When reached for comment Friday morning, a rep for Lady Antebellum said the band was not aware of the other artist and plans to reach out to her.
White has long been an advocate of social change. She hasn’t participated in protests around the police killing of George Floyd out of concern about the ongoing health crisis — she and her sisters regularly visit their 83-year-old mother — but she’s readying a panel on Zoom on June 27th with white and minority colleagues that discusses the role of white people in conversations about race. She’s written songs about cases of racial injustice like the death of Trayvon Martin, and says she changed some of the lyrics in an upcoming song in response to Floyd’s death. That song and the name of her upcoming panel are called “The Truth Is Loud.”
At issue is the possibility of trademark infringement. “Just like other goods and services in the marketplace such as Nike or McDonald’s, band names can be protected under trademark law,” explains intellectual-property attorney Wesley Lewis.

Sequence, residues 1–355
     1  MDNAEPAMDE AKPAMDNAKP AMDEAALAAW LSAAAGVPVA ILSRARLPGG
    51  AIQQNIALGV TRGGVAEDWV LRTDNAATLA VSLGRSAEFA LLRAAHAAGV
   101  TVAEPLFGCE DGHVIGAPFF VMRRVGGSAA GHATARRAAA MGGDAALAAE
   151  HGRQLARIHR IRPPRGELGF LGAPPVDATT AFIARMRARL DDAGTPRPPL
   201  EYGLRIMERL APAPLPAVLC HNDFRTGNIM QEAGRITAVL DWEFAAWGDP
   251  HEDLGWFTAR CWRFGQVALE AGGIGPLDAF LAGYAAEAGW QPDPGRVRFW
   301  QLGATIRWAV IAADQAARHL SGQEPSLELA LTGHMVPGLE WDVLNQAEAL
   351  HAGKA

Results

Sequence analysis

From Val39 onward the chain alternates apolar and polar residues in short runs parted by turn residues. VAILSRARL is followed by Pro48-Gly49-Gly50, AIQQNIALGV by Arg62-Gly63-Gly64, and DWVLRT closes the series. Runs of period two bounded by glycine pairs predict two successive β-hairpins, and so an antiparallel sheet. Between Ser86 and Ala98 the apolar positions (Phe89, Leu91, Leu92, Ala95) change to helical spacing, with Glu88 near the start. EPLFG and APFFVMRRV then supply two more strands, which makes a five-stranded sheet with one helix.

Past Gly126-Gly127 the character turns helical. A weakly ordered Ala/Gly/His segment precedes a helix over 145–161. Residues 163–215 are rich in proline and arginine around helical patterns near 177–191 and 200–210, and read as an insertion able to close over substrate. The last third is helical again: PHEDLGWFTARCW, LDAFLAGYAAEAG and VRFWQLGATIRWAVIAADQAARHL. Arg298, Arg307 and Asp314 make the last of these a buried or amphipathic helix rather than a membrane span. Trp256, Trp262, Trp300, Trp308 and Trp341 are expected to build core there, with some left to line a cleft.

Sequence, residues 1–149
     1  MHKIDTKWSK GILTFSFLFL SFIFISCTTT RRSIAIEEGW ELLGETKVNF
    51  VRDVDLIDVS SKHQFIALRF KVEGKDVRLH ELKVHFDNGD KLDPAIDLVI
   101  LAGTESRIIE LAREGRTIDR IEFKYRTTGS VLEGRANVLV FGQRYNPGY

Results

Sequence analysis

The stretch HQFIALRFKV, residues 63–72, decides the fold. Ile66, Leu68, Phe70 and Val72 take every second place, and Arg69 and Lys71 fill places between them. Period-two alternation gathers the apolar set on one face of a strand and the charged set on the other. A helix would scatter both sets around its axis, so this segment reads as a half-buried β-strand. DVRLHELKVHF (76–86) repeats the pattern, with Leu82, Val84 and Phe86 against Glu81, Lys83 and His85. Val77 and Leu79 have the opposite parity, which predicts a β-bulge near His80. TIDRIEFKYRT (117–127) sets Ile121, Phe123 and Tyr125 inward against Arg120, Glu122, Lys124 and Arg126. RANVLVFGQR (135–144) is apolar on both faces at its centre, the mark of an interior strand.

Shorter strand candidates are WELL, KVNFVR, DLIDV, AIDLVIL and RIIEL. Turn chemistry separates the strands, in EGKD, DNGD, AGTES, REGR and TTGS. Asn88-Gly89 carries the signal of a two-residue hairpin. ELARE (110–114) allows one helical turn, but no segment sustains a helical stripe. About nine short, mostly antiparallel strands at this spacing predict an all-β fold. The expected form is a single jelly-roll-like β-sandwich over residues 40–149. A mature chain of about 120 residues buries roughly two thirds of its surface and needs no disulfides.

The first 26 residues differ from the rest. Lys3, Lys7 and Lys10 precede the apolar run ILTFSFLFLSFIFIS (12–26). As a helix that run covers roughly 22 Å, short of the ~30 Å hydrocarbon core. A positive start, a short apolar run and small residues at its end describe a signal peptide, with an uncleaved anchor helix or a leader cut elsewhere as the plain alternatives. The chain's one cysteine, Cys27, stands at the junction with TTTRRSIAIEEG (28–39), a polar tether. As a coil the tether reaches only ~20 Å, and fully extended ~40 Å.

“It’s about who is first to use a name. Audience size is irrelevant,” says Bob Celestin, a longtime music attorney who’s represented Pusha T and Missy Elliott. “And the question is, does the original Lady A have a trademark registered with the U.S. Patent and Trademark office? If she does, she can go ahead and sue Lady Antebellum for infringement. If not, she still has a common law trademark and she can still show that she’s been using the name in commerce — records, posters, tour flyers — for a number of years. She is first to use the mark in commerce, so that gives her a superior right to the name.”
Celestin adds that if two artists who work in different genres end up with the same name, they can reach a coexistence agreement that allows both groups to market music under the name by acknowledging the slim chance for confusion. “But you could say that blues is the foundation of country, so they’re very close in genre, and if they’re close in genre there’s much more confusion in the marketplace,” he says.
“I’m not about to stop using my name. For them to not even reach out is pure privilege” — Anita White, known professionally as Lady A